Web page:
chemistry

Better way to brew cold-weather biodiesel

safflower_1

Conventional biodiesel production extracts oils from plants like the safflower and then converts them into fatty acid esters that can be used to power engines, says Mark Mascal, professor of chemistry at UC Davis and coauthor of the paper with postdoctoral researcher Edward Nikitin. That leaves behind the carbohydrate portion of the plant—the sugars, starches, and cellulose that make up stems, leaves, seed husks, and other structures. (Courtesy: UC Davis)

UC DAVIS (US)—Yields of biodiesel from oilseed crops such as safflower could be increased by up to 24 percent using a new process that should also improve the performance characteristics of biodiesel—especially in cold weather.

The method developed by chemists at University of California, Davis, converts both plant oils and carbohydrates into biodiesel in a single process.

A paper describing the method, which has been patented, is online in the journal Energy & Fuels.

Conventional biodiesel production extracts plant oils and then converts them into fatty acid esters that can be used to power engines, says Mark Mascal, professor of chemistry at UC Davis and coauthor of the paper with postdoctoral researcher Edward Nikitin. That leaves behind the carbohydrate portion of the plant—the sugars, starches, and cellulose that make up stems, leaves, seed husks, and other structures.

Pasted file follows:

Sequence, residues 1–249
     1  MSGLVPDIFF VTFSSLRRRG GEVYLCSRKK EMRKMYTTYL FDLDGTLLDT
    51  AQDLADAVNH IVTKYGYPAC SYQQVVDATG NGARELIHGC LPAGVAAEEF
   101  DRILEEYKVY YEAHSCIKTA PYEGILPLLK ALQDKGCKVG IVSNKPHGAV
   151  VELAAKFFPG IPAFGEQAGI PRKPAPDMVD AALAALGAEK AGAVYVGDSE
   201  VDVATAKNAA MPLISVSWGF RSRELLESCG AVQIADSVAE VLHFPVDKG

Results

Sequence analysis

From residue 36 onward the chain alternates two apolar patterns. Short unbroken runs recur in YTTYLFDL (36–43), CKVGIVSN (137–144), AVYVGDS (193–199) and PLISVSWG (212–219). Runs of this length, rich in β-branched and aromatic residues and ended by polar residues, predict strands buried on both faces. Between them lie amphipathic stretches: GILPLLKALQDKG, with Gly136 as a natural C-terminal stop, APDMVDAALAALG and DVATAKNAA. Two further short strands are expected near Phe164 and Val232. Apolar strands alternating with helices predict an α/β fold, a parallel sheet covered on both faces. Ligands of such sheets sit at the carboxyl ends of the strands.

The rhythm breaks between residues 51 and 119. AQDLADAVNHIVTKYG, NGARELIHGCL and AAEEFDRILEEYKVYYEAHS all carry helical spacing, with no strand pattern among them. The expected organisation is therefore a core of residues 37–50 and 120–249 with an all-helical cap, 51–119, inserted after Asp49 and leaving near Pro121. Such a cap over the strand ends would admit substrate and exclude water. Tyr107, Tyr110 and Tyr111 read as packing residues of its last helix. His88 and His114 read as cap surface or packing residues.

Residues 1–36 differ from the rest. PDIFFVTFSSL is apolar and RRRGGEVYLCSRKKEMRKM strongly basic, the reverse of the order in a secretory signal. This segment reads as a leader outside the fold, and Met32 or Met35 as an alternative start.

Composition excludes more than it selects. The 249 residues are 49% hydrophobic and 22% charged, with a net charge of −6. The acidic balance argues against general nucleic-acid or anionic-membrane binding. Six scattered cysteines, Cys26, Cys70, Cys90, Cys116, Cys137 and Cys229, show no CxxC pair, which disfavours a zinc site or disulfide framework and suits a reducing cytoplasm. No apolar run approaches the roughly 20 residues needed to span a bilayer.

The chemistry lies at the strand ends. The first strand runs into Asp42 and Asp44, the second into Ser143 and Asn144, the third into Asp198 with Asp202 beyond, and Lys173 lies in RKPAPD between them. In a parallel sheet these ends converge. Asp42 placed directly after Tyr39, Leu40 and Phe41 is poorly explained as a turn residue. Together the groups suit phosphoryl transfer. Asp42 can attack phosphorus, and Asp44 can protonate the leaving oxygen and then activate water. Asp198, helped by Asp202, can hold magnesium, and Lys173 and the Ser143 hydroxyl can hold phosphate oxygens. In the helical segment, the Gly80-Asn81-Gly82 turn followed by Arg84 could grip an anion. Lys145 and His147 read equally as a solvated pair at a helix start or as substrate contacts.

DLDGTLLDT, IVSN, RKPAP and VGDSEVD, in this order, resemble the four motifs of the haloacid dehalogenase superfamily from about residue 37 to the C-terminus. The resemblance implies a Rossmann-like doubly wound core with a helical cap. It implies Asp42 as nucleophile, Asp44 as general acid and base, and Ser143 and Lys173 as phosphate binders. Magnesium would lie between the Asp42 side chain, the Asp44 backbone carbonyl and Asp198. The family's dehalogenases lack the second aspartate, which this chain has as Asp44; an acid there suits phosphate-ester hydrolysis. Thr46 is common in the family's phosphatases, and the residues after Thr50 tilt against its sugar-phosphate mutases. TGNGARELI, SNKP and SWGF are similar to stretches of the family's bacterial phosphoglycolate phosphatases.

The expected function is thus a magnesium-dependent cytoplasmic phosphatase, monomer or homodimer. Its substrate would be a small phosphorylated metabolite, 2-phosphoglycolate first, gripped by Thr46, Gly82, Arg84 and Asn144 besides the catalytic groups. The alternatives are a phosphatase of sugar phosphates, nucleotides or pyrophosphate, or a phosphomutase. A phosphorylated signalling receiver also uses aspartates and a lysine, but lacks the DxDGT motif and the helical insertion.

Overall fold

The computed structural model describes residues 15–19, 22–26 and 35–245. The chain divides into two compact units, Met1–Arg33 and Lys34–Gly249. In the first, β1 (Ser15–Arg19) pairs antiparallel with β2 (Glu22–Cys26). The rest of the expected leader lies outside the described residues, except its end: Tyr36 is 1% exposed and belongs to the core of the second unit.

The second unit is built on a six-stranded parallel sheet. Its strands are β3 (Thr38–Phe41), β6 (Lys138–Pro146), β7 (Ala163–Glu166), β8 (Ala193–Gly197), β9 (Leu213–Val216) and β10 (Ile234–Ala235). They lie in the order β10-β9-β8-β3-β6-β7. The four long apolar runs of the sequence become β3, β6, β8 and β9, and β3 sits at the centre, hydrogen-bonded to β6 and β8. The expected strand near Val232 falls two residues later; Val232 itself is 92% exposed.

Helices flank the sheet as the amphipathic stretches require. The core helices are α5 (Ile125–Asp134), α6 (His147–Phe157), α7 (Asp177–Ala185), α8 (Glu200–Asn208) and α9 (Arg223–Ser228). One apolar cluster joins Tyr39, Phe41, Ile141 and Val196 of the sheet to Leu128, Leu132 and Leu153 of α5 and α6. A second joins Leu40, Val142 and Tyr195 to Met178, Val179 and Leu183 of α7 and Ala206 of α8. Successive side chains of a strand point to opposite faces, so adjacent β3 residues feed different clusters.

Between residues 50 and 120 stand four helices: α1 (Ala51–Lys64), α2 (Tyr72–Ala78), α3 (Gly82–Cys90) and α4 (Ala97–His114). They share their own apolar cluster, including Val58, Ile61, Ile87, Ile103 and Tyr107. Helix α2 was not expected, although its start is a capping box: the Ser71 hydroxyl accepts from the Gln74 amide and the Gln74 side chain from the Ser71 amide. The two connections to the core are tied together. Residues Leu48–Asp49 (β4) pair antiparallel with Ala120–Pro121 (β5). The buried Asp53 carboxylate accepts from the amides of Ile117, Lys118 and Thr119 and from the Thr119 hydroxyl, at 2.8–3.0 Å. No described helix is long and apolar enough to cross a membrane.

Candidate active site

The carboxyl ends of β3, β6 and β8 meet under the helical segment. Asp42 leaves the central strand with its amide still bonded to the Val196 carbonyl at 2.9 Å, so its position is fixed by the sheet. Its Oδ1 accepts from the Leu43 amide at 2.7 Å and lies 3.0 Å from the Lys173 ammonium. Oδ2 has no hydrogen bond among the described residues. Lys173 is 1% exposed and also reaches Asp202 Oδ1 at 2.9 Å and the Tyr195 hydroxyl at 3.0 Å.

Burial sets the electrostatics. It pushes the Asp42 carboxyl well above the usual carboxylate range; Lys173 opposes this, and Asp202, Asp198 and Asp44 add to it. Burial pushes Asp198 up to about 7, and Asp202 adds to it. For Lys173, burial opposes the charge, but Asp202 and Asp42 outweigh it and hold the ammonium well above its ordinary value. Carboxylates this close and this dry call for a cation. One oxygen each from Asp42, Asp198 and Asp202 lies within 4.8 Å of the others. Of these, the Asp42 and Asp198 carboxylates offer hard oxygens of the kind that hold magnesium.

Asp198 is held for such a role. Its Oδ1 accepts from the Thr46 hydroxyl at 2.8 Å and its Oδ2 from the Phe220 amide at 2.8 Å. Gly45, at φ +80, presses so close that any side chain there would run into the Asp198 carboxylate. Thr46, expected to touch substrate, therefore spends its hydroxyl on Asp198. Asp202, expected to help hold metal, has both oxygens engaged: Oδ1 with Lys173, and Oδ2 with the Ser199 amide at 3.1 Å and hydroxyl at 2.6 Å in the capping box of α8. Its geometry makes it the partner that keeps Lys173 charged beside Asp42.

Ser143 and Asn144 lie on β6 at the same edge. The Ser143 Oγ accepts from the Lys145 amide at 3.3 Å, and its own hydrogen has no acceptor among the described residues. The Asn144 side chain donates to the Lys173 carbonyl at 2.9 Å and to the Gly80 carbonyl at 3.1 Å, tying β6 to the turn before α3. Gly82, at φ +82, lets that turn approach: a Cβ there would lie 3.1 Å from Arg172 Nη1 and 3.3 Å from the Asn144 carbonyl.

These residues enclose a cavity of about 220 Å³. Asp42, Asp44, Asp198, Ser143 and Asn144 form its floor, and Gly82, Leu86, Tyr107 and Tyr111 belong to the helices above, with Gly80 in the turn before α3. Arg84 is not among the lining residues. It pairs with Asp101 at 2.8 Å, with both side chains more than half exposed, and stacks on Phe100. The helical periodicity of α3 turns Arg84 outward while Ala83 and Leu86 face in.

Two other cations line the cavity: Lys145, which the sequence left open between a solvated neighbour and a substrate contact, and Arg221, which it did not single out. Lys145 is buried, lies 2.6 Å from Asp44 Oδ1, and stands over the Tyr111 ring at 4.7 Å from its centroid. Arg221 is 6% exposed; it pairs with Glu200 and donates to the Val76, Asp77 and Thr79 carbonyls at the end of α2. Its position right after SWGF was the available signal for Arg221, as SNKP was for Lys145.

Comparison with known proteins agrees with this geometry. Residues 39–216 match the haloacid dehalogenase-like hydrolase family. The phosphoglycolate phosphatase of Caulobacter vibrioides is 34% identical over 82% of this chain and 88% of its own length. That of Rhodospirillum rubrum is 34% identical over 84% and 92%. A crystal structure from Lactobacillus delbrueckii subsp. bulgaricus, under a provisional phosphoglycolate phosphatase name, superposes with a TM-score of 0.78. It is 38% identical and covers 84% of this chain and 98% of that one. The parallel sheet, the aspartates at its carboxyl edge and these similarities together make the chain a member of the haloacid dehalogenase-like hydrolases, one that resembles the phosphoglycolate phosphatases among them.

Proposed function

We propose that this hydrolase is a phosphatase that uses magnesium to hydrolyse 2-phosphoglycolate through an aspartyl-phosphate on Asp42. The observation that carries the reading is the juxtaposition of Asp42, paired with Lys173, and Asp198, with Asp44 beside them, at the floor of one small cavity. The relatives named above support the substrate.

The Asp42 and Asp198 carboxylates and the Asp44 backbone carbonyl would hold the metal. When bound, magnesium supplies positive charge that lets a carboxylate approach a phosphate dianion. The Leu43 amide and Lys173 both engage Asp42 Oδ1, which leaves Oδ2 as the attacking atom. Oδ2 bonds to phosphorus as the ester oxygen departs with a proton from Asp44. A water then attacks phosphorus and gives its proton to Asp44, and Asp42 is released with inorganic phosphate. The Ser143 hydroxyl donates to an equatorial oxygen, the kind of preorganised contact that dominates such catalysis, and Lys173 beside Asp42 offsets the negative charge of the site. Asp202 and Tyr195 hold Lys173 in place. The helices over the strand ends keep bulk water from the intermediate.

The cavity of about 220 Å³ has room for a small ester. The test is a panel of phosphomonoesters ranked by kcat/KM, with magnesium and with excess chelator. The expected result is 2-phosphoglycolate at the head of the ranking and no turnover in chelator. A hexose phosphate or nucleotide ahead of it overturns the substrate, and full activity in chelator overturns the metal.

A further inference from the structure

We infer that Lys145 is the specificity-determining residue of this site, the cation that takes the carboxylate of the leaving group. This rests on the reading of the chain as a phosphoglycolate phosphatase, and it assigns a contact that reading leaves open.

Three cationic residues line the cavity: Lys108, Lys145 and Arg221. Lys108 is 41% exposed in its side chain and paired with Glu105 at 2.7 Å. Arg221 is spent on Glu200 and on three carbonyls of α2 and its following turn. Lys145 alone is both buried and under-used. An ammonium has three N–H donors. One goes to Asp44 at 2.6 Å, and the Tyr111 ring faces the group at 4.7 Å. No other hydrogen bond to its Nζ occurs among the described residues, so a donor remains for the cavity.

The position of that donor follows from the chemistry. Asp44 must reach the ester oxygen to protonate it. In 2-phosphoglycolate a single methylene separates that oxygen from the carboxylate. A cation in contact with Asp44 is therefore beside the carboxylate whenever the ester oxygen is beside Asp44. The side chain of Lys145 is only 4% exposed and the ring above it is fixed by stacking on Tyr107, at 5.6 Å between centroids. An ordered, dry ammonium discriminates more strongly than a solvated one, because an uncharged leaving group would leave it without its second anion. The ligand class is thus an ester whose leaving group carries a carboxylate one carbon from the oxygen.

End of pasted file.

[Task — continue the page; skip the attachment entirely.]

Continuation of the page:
The new process converts those carbohydrates into chemicals called levulinic acid esters—at the same time and in the same vessel that the oils are converted to fatty acid esters—resulting in a fuel cocktail that performs better at low temperatures than conventional biodiesel.

The fuel cocktail has a similar boiling range to conventional biodiesel, but is thinner; it becomes waxy at a lower temperature.

Performance at low temperatures is a significant problem with B100 (conventional biodiesel), Mascal notes.

“Our hope is that this blend of levulinate esters and biodiesel would perform better over a wider range of temperatures than biodiesel,” Mascal says.

Levulinate esters are nontoxic and are used as food additives, Mascal adds.

Costs of the new process may be somewhat higher than for conventional biodiesel production, but should be offset by improved fuel yields and performance, he said.

The researchers are partnering with Bently Biofuels of Minden, Nev., to test the performance of levulinate/B100 blends.

UC Davis news: www.news.ucdavis.edu/

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